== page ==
When AMD offered to send us their latest Sempron CPU for review, we honestly felt a little ashamed - we had almost entirely forgotten about the budget CPU that launched last June. Had we missed other Sempron reviews since its launch? Were we too tied up in the higher end desktop processors and the dual core migration to pay attention to AMD's brand new budget line? After a moment's panic, we calmed ourselves and realized something that had surprised us a bit - AMD hadn't released a faster Socket-754 Sempron since its launch in June 2004. Not a single new CPU in ten and a half months. We stopped feeling so bad.

Intel was slightly better, but not by much. After our original review of the 90nm Celeron D, Intel released one more CPU, the Celeron D 345, late last year, but it's been quiet since then. And we thought the mainstream CPU race had slowed down.

So, it was time for an updated comparison, but luckily, the field hadn't changed much - or had it? Remembering back to our original Sempron review, AMD initially introduced two Semprons: a Socket-A and an Socket-754 version. The Socket-A version has topped out at 3000+ (2.0GHz) and it doesn't look like there's any future beyond it for the aging platform. The Socket-754 platform has yet to out-live its welcome and thus, AMD's newest Sempron, the Sempron 3300+, is a Socket-754-only CPU. The Socket-754 Sempron is based on AMD's K8 architecture, but is a 32-bit only CPU (no x64 support here). As a Socket-754 CPU, the Sempron only features a single channel DDR400 memory controller.

Intel's Celeron D 345 was merely a clock bump to the Celeron D 335 that we reviewed last June, bringing Intel's fastest Celeron up to 3.06GHz while still remaining on the 533MHz FSB. AMD's Sempron 3300+ isn't as simple of a transition, however. The original Socket-754 Sempron was built on a 130nm process and featured a 256KB L2 cache, whereas the new Sempron 3300+ is built on AMD's 90nm process and features a 128KB L2 cache. The new Sempron also features all of the enhancements that made it into the 90nm Athlon 64 processors - mainly SSE3 support and some enhancements to the memory controller.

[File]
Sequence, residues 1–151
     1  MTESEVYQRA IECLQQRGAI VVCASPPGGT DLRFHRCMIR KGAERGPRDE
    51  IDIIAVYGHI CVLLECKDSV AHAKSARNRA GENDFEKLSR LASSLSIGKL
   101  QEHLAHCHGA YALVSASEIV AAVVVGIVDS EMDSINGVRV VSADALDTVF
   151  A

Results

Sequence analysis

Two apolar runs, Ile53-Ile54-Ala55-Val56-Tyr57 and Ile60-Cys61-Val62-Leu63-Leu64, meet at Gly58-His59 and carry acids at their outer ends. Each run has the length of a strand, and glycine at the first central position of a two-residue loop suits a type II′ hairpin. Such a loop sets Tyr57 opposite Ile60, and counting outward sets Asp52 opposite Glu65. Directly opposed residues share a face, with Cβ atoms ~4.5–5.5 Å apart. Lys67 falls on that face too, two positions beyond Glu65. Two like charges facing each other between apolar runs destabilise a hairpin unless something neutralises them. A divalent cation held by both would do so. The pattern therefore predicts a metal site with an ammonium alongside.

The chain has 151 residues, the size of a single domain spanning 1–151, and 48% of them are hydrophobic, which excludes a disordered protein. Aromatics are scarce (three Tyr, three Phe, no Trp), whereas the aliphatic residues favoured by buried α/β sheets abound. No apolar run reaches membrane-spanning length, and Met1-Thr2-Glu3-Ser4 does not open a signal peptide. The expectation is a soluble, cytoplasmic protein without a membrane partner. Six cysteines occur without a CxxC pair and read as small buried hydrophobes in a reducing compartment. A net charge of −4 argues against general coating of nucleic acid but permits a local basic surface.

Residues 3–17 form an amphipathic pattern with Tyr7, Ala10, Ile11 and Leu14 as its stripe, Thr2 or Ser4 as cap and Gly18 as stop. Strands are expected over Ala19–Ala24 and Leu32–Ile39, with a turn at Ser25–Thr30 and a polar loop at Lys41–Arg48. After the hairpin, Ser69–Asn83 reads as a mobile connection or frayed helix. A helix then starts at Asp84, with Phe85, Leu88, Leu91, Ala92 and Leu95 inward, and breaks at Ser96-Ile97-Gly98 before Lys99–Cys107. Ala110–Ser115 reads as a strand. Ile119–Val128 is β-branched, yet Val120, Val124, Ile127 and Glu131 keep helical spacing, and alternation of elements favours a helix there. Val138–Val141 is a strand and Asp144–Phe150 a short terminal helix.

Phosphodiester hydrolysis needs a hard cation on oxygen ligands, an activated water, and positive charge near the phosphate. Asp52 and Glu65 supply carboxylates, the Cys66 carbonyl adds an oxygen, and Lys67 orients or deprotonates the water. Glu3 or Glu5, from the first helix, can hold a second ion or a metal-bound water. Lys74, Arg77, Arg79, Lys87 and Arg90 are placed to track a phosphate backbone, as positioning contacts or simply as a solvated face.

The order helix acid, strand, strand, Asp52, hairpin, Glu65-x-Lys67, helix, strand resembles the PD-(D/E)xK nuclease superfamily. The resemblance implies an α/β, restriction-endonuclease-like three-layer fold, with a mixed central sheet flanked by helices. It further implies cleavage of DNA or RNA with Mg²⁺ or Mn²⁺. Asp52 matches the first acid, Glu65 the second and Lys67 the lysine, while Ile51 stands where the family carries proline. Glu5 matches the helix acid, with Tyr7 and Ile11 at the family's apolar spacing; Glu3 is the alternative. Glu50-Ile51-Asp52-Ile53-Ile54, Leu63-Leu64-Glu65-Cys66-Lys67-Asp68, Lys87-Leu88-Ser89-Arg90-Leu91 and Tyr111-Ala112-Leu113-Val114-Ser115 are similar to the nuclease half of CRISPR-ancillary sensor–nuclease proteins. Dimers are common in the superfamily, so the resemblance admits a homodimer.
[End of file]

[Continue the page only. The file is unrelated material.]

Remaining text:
The higher rating is due to a higher clock speed; the Sempron 3300+ runs at 2.0GHz compared to the 3100+'s 1.8GHz clock. But with half of the L2 cache, the performance picture is bound to be much more interesting than just a regular clock bump.

With only a 128KB L2 cache, the Sempron 3300+ is definitely a step back in terms of the cache sizes that we expect to see on modern day microprocessors. At the same time, halving the cache while moving to a smaller process ensures that AMD can enjoy larger profit margins on these new Sempron CPUs. But AMD's profit margins aren't our concern here; what we care about is how the 3300+ performs and going one step further, a cool running 90nm chip with a very small 128KB L2 cache is quite attractive to the overclocker in us.

With an on-die memory controller, the Socket-754 Semprons can get away with having relatively small L2 caches, since their main memory access latencies are very low to begin with. But even if we estimate that the on-die memory controller of a Sempron reduces memory accesses to around ~120 cycles, an access from L2 cache is going to still take about 1/10th that. In the end, while AMD's K8 architecture is less dependent on large caches, it is still not impervious to the impact that a small one can have.

Priced at $127, the Sempron 3300+ is priced similarly to Intel's Celeron D 345 ($133) and the Athlon 64 3000+ ($140). That being said, let's see how it competes...

The Test

AMD Athlon 64 Configuration

Socket-939 Athlon 64 CPUs
2 x 512MB OCZ PC3200 EL Dual Channel DIMMs 2-2-2-10
MSI nForce4 SLI Motherboard
ATI Radeon X800 XT PCI Express

AMD Sempron Configuration

Socket-754 Sempron CPUs
2 x 512MB OCZ PC3200 EL Dual Channel DIMMs 2-2-2-10